railroad facilities at Bridgeport would become the distributing
point for the Okanogan country. About 3,000 tons of wheat are
shipped from Bridgeport to Wenatchee and about 150 tons per annum
will cover the shipments of merchandise to Bridgeport.
The Okanogan country at present time furnishes an inbound traffic of
about 2,000 tons of merchandise. Its product is about 3,000 head of
stock, of which about eight percent comes to our line at Coulee
City, balance going to Wenatchee. At the best we can only obtain the
twenty percent in addition to what we have now.
There is considerable mining in the upper Okanogan country and on
some of the mines a fair amount of development work has been done.
The ore is of low grade and cannot stand the wagon haul to river.
These conditions would probably not be changed materially by the
construction to Bridgeport.
According to the U.S. Engineer's report the Okanogan can be made
navigable for a comparatively small amount for a distance of 75
miles and the development of the country will undoubtedly force this
work within a short time. in that case the wheat lands along the
Okanogan would also stand a chance of being brought under
It is quite evident that present traffic will not support a line
from Coulee City to Bridgeport. In connection with the western spur
from Moses Coulee it would pay interest and operating expenses, as
this combination would permit a reduction in train service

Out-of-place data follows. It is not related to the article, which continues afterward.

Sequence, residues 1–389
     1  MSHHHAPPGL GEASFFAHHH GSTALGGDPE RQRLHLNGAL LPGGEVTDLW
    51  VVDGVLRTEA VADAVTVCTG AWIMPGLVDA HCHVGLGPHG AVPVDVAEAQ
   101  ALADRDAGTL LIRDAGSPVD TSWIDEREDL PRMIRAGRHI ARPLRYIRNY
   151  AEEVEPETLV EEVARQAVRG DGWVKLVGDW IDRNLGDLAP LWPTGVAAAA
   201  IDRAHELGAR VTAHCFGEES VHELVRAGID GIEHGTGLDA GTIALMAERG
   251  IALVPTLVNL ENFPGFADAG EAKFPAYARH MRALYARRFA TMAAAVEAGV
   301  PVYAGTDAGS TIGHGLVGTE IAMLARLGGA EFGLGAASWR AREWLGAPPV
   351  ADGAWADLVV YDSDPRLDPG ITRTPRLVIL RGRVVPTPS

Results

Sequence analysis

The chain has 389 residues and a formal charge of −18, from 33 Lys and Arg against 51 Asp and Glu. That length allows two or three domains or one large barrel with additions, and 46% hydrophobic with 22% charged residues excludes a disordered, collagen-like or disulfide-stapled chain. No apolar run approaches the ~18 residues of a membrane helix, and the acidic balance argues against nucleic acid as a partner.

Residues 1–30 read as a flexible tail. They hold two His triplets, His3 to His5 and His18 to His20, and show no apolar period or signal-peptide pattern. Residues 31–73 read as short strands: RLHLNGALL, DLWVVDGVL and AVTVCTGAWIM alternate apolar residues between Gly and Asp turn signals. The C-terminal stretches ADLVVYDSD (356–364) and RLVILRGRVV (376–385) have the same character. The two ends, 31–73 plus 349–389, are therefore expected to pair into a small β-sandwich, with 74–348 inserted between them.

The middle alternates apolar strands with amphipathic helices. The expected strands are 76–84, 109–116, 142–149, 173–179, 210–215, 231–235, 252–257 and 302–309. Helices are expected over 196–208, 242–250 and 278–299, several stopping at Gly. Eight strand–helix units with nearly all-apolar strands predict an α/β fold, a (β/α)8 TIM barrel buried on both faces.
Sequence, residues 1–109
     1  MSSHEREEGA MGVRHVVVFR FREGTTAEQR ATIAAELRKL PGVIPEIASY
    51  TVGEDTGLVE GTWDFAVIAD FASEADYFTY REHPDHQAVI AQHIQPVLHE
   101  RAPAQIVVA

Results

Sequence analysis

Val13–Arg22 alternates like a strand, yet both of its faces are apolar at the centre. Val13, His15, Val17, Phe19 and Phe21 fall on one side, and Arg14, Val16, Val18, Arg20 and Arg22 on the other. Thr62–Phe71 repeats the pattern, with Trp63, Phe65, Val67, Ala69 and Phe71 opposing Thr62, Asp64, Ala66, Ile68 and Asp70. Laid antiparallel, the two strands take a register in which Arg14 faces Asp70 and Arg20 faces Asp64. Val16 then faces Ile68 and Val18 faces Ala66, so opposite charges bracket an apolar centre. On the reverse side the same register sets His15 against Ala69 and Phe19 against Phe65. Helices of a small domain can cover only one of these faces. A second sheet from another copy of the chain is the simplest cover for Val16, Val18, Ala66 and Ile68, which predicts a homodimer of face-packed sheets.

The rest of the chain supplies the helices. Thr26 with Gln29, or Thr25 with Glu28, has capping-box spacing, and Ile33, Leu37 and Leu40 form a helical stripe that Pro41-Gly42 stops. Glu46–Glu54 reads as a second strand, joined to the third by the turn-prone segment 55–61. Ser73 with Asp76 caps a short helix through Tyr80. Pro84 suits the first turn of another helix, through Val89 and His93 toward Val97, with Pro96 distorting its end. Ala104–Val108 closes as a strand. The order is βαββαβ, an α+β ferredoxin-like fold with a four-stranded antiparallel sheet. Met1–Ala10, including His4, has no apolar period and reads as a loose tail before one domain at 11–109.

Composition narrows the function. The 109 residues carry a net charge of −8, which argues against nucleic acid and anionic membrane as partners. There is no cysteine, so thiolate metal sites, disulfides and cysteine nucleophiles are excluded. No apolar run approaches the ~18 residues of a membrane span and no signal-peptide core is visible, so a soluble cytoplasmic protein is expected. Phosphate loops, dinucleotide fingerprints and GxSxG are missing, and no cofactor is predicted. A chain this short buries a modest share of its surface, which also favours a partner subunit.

corresponding with the amount of traffic offered.

24,000 tons wheat a 4.25 $102,000
7,150 tons merchandise at 10 $71500
Passengers 200 per mile $13800
Subtotal $187,300
Interest on cost of $903,600 at five percent $45,180
Maintenance 69.7 at $400 $27,680
Operation daily trains $25,000
Maintenance of equipment twenty percent $5,000
General expenses $2,500
Subtotal $105,360
Cost of interchange business
80 trains by 108 by 2 $12,528
30 trains by 256 by 2 $15,360
40 trains by 128 by 2 $10,240
64 trains by 108 $6,912
32 trains by 360 $11,200
Total train miles 56,240 at $1.20 for $73,112
Surplus $8,828

The line is located on the south bank of the Columbia to a point
opposite Virginia City, about three miles below the mouth of the
Okanogan River, where it comes to the north side.
The river at the point of crossing is about 800 feet wide at lower
water, about 1,500 feet wide at high water and range between high
and low water is about 50 feet. I have estimated a permanent
structure, steel spans on concrete substructure, pneumatic
foundations for the channel spans. The bottom is gravel and
boulders, no rock being in sight. Cost of the structure is about
$350,000, including traffic charges. Comparative estimates would
probably show longer spans than estimated for, more economical and
would permit some reduction of the estimate.
Outside of the Columbia River crossing there will be the crossing of
the Methow for which 2,150 foot Howe truss spans have been provided
on temporary piers.
Two small towns are located on the line, Virginia City, consisting
of a few house and two stores; and Ives, at the mouth of the Methow,
which forms the supply point for the Methow Valley. About half-a-
dozen orchards comprise all of the cultivated land along the river.
The whole country is sparsely settled and vies the impression of
being exceedingly backward. There is some bench land along the river
but no extensive farming country. Fruit does well and does not
require irrigation.
The Methow Valley, from the small amount of merchandise shipped,
does not appear to be, as yet, a freight producer of any importance.
About 2,000 head of stock are shipped out annually, most of which
goes to Coulee city. The mines, some of which show a considerable
amount of development, are not shipping to any extent. Practically